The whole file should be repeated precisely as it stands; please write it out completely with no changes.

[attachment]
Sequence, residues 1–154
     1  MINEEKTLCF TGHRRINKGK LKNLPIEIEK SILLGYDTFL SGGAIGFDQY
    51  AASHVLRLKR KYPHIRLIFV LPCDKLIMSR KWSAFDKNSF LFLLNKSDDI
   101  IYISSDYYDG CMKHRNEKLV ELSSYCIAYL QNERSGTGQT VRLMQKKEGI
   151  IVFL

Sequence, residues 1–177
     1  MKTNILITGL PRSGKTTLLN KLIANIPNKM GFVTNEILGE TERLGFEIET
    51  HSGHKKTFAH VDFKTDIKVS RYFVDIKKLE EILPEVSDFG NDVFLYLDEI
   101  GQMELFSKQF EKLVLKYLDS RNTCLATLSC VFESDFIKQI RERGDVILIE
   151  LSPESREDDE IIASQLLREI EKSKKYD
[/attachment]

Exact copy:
Sequence, residues 1–154
     1  MINEEKTLCF TGHRRINKGK LKNLPIEIEK SILLGYDTFL SGGAIGFDQY
    51  AASHVLRLKR KYPHIRLIFV LPCDKLIMSR KWSAFDKNSF LFLLNKSDDI
   101  IYISSDYYDG CMKHRNEKLV ELSSYCIAYL QNERSGTGQT VRLMQKKEGI
   151  IVFL

Sequence, residues 1–177
     1  MKTNILITGL PRSGKTTLLN KLIANIPNKM GFVTNEILGE TERLGFEIET
    51  HSGHKKTFAH VDFKTDIKVS RYFVDIKKLE EILPEVSDFG NDVFLYLDEI
   101  GQMELFSKQF EKLVLKYLDS RNTCLATLSC VFESDFIKQI RERGDVILIE
   151  LSPESREDDE IIASQLLREI EKSKKYD